The major reorganization of Siemens in response to the hostile business environment of the last five years is now well underway. The key to this realignment is the spinoff of the power and gas operations into a separate market entity by the end of 2020. The group is distancing itself from its flagging gas and power operations and has cut more than 10,000 jobs in a sweeping overhaul. This is just the preliminary stage of spinning its gas and power unit into a separately managed company to be listed by September 2020. Siemens will retain “somewhat less than 50 percent” of the new entity, which will include its 59 percent stake in Siemens Gamesa Renewable Energy, creating a company with $33.5 billion in business volume.
By early 2020, this reorganization was beginning to yield results, with the company showing a 5 percent growth rate despite the long-standing weakness of the market it operates in. Joe Kaeser, president and CEO of Siemens AG, summarized the situation by saying, “When we’re done, the Siemens brand will no longer be a conglomerate of the conventional type. Instead, it will comprise three companies, each focused on its own sector. One is the Industrial Siemens, comprising Digital Industries, Smart Infrastructure, and Mobility. One is Siemens Healthineers. And one is Siemens Energy. These three strong Siemens companies will work together in one ecosystem.”
The second thrust of the Siemens reconstruction is a substantial revision of the group’s product range. Siemens assembled its portfolio largely by acquiring other companies. As a result, its product lineup tends to be both diverse and self-competitive. Furthermore, many of these products are showing their age despite repeated modernizations and redesigns. In an industry sector that is facing a profound change in direction and realignment of its market priorities, the room for further modernizations has run out. There is, therefore, an urgent requirement for Siemens to rationalize its product range by eliminating items that have reached the end of their lives and to end self-competition.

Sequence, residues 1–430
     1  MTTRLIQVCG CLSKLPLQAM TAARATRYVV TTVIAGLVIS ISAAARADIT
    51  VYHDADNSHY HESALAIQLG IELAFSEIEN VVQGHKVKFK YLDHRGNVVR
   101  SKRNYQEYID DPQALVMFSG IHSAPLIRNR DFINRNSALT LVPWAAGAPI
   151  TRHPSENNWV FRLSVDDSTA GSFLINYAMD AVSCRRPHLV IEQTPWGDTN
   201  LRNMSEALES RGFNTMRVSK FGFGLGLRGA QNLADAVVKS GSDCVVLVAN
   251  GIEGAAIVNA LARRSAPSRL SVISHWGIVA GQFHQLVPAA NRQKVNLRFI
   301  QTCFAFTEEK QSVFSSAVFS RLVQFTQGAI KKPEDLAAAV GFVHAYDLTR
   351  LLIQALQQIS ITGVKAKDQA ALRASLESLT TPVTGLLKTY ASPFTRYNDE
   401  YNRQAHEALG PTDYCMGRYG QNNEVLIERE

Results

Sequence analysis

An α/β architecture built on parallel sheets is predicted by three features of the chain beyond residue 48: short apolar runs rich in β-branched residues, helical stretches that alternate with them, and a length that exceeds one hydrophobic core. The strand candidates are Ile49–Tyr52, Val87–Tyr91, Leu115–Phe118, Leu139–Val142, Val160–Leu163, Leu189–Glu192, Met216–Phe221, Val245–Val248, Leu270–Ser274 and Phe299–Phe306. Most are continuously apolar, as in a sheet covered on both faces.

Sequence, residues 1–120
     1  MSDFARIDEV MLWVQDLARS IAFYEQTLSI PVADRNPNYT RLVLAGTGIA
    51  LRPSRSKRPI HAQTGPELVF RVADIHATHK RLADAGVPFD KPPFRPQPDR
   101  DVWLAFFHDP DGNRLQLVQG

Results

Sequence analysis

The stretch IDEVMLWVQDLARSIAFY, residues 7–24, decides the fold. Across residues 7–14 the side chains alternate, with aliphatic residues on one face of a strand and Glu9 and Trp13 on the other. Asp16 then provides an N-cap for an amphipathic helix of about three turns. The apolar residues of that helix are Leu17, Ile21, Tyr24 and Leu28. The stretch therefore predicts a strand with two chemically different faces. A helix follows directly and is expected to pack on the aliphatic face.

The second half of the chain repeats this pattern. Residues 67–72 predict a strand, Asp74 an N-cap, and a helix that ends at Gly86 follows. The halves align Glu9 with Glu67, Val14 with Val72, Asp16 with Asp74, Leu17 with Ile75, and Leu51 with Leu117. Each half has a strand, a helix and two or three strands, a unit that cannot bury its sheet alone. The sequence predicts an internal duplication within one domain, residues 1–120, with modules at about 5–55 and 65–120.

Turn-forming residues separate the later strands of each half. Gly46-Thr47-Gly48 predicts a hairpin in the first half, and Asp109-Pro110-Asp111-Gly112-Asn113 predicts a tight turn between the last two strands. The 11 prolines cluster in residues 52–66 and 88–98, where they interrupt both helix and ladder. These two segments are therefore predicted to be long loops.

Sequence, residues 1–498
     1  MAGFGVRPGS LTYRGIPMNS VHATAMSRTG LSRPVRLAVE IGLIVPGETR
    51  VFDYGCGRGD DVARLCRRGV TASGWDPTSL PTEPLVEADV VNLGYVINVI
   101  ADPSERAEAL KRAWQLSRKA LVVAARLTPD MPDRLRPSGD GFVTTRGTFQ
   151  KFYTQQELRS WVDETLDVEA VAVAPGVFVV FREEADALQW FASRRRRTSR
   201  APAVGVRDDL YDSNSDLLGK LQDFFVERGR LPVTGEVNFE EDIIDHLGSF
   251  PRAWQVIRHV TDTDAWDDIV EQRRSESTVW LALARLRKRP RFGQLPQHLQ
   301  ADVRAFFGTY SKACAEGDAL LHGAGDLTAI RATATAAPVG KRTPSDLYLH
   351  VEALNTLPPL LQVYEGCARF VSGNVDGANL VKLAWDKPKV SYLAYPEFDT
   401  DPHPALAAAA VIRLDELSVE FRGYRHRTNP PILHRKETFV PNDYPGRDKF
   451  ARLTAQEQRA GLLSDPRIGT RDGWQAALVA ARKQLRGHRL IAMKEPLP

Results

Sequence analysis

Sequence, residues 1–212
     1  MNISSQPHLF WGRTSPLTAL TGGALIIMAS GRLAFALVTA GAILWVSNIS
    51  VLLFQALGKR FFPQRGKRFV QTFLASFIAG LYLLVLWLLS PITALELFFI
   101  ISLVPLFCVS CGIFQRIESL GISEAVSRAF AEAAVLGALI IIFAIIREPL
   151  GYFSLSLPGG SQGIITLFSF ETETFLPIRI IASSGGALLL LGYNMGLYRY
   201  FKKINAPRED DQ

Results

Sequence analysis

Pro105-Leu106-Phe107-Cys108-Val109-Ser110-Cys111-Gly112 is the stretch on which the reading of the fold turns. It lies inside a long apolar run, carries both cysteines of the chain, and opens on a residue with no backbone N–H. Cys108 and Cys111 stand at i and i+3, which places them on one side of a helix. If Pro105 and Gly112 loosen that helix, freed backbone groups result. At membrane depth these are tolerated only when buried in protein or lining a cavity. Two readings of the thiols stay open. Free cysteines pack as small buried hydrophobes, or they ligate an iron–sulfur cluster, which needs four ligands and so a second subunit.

This process has now been underway for more than two years.
The SGT6-3000 and SGT6-6000 have both been strongly de-emphasized in corporate literature. A detailed search shows that references to the SGT6-6000 have disappeared completely, while press releases refer only to the SGT6-5000. By early 2020, the SGT6-3000 and SGT6-6000 had disappeared completely. The same pattern is evident within the SGT5 family, where, by March 2020, all mention of the SGT5-3000 had been expunged from current company literature.
These are not the only Siemens gas turbines to suffer this fate; the SGT-200 and SGT-500 appear to have been discontinued as well. Questioned on this issue, Siemens executives at POWERGEN in New Orleans confirmed that several other products were being examined to determine whether they should also be discontinued.
In their place, Siemens has introduced several modern, highly efficient gas turbines. Some of these are aeroderivatives acquired from Rolls-Royce; others are derived from Siemens’ research. The new SGT-9000HL, for example, is the first new gas turbine to challenge the efficiency levels achieved by the MHPS 501/701JAC group. Thus, Siemens’ flair for gaining the maximum performance out of a design is still in evidence and still providing the group with a competitive edge.
There is, however, a threat looming on the horizon. The new Siemens power generation entity derived from Siemens power generation operations will be free-floating and have a minority Siemens ownership. That means that it could be taken over by another group entirely.
Siemens has already made it clear that it sees its corporate future being oriented around new technology and a complete reassessment of the company’s capabilities and its future trajectory. This may not include power generation as it is practiced today.